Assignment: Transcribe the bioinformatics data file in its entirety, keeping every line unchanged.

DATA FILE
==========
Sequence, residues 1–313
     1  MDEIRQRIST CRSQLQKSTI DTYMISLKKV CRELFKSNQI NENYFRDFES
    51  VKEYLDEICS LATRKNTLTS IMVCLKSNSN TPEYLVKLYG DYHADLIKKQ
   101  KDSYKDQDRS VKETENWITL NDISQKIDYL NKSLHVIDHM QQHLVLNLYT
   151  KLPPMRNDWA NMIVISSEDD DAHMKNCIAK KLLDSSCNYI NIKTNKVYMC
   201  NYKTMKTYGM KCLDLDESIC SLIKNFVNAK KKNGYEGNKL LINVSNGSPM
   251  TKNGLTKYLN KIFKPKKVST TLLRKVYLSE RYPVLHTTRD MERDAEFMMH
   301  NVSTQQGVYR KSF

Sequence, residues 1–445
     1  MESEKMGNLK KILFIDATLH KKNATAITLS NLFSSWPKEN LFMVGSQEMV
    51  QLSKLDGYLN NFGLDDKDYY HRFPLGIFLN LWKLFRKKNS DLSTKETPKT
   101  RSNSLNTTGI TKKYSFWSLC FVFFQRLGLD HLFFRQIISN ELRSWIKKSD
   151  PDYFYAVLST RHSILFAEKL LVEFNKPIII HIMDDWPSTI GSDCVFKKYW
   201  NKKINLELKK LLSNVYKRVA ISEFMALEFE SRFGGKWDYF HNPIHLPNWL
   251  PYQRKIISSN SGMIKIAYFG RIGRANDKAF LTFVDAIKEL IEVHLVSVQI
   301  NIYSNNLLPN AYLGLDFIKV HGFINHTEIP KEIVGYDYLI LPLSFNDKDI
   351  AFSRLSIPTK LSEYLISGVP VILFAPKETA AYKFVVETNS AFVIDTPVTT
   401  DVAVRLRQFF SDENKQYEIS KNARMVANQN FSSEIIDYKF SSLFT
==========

Sequence, residues 1–313
     1  MDEIRQRIST CRSQLQKSTI DTYMISLKKV CRELFKSNQI NENYFRDFES
    51  VKEYLDEICS LATRKNTLTS IMVCLKSNSN TPEYLVKLYG DYHADLIKKQ
   101  KDSYKDQDRS VKETENWITL NDISQKIDYL NKSLHVIDHM QQHLVLNLYT
   151  KLPPMRNDWA NMIVISSEDD DAHMKNCIAK KLLDSSCNYI NIKTNKVYMC
   201  NYKTMKTYGM KCLDLDESIC SLIKNFVNAK KKNGYEGNKL LINVSNGSPM
   251  TKNGLTKYLN KIFKPKKVST TLLRKVYLSE RYPVLHTTRD MERDAEFMMH
   301  NVSTQQGVYR KSF

Sequence, residues 1–445
     1  MESEKMGNLK KILFIDATLH KKNATAITLS NLFSSWPKEN LFMVGSQEMV
    51  QLSKLDGYLN NFGLDDKDYY HRFPLGIFLN LWKLFRKKNS DLSTKETPKT
   101  RSNSLNTTGI TKKYSFWSLC FVFFQRLGLD HLFFRQIISN ELRSWIKKSD
   151  PDYFYAVLST RHSILFAEKL LVEFNKPIII HIMDDWPSTI GSDCVFKKYW
   201  NKKINLELKK LLSNVYKRVA ISEFMALEFE SRFGGKWDYF HNPIHLPNWL
   251  PYQRKIISSN SGMIKIAYFG RIGRANDKAF LTFVDAIKEL IEVHLVSVQI
   301  NIYSNNLLPN AYLGLDFIKV HGFINHTEIP KEIVGYDYLI LPLSFNDKDI
   351  AFSRLSIPTK LSEYLISGVP VILFAPKETA AYKFVVETNS AFVIDTPVTT
   401  DVAVRLRQFF SDENKQYEIS KNARMVANQN FSSEIIDYKF SSLFT